Paraphrasing is a skill that takes time to develop. One way of becoming familiar with paraphrasing is by examining successful and unsuccessful attempts at paraphrasing. Read the quote below from page 179 of Howard Gardner's book titled Multiple Intelligences and then examine the two attempts at paraphrasing that follow.
Click on the attempts at paraphrasing below to see which one is an acceptable paraphrase.
Paraphrasing Attempt 1: America has now gone too far toward formal testing, without realizing the costs and limitations of exclusively emphasizing that approach (Gardner 179).
Paraphrasing Attempt 2: In the United States, the education system places too much emphasis on formal testing, overlooking the limitations and expenses imposed when that assessment strategy is employed exclusively (Gardner 179).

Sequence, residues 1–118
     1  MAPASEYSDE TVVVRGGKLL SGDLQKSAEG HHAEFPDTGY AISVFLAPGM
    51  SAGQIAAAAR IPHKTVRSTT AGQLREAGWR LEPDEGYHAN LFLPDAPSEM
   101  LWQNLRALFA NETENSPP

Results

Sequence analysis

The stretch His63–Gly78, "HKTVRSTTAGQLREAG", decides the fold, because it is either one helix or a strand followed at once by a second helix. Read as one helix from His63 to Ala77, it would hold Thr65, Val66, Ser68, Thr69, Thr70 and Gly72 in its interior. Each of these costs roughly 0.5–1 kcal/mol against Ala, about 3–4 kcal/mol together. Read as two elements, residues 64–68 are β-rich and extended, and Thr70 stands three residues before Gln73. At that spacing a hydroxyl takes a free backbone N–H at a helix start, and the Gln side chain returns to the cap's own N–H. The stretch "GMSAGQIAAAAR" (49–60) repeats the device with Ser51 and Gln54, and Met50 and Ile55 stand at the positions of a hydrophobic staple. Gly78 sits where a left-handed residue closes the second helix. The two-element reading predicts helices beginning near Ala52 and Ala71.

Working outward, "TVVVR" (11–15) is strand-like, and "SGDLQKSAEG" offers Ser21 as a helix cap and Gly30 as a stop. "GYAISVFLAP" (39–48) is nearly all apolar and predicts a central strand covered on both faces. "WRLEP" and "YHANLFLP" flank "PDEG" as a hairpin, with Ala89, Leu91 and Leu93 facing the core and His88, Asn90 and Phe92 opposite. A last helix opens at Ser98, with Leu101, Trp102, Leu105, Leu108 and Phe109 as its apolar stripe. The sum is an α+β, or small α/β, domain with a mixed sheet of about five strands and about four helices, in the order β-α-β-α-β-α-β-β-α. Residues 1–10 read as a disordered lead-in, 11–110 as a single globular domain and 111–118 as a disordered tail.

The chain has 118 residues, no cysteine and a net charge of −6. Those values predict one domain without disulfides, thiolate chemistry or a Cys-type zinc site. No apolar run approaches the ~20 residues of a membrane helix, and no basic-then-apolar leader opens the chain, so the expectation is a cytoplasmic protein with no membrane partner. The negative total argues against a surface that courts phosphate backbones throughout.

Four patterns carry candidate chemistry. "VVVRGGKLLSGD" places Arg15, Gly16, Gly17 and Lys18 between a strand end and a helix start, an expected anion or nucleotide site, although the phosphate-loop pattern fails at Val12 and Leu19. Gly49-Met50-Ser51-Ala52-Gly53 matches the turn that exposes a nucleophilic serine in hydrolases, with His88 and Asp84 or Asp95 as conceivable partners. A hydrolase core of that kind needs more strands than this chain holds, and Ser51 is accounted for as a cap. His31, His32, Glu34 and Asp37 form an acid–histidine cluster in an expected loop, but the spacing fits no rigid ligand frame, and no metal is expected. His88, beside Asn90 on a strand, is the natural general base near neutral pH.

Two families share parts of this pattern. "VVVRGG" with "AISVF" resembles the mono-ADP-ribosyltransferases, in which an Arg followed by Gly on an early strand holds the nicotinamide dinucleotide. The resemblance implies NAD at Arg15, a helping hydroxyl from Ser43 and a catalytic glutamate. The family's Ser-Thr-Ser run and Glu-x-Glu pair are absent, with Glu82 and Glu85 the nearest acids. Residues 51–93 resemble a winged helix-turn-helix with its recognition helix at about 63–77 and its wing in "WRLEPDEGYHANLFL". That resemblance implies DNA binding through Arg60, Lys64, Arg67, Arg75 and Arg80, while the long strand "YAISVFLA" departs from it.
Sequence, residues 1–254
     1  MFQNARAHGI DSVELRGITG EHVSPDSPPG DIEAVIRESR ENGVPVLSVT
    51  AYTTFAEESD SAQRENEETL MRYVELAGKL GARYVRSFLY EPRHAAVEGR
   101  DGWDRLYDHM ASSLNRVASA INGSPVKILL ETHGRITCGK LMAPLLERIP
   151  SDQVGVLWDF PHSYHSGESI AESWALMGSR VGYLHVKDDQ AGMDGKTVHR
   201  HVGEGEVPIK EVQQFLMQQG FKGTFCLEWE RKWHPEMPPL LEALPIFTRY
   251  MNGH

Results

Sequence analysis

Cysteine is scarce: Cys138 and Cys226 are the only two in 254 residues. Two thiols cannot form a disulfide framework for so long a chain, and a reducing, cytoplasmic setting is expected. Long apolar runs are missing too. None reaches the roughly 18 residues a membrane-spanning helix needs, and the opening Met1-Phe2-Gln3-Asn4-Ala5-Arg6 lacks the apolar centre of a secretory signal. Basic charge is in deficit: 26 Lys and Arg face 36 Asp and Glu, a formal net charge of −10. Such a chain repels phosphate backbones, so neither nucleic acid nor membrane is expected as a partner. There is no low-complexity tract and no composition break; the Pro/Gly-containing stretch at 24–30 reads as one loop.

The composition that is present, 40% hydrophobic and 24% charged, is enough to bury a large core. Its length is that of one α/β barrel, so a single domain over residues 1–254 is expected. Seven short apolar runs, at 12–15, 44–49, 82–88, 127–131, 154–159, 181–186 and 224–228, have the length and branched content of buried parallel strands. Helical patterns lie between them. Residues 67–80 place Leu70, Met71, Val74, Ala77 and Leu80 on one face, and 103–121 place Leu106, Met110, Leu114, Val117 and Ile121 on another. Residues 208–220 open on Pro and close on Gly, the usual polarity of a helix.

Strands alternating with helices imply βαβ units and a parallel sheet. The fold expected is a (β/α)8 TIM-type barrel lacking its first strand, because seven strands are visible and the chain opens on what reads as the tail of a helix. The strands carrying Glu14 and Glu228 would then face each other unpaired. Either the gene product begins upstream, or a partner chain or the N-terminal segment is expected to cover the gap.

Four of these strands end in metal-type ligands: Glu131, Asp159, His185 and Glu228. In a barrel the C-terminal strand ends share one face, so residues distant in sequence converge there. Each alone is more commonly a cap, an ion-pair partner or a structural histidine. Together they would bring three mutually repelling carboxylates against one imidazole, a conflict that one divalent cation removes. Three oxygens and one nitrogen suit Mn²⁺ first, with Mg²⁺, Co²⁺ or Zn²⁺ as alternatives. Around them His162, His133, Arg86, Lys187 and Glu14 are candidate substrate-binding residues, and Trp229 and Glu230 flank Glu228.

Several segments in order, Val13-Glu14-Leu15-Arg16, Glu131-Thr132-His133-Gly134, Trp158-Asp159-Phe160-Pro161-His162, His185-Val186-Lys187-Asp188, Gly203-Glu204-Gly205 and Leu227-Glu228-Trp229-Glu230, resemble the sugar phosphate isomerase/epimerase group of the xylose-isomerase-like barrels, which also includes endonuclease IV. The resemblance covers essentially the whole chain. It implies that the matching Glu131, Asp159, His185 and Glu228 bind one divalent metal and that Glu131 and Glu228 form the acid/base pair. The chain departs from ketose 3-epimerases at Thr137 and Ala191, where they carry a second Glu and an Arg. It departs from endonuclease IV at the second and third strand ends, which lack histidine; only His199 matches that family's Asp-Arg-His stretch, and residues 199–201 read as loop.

Changing every third word in a passage does not count as paraphrasing. Although the source is cited, the paraphrasing is too close to the original statement as it retained too much of the original wording and sentence structure.
This paraphrase is different enough from the original source that it would not be considered plagiarism, so long as Gardner is credited. Remember: Changing every third word in a passage does not count as paraphrasing.
Gardner, Howard. Multiple Intelligences: New Horizons in Theory and Practice. BasicBooks, 2006.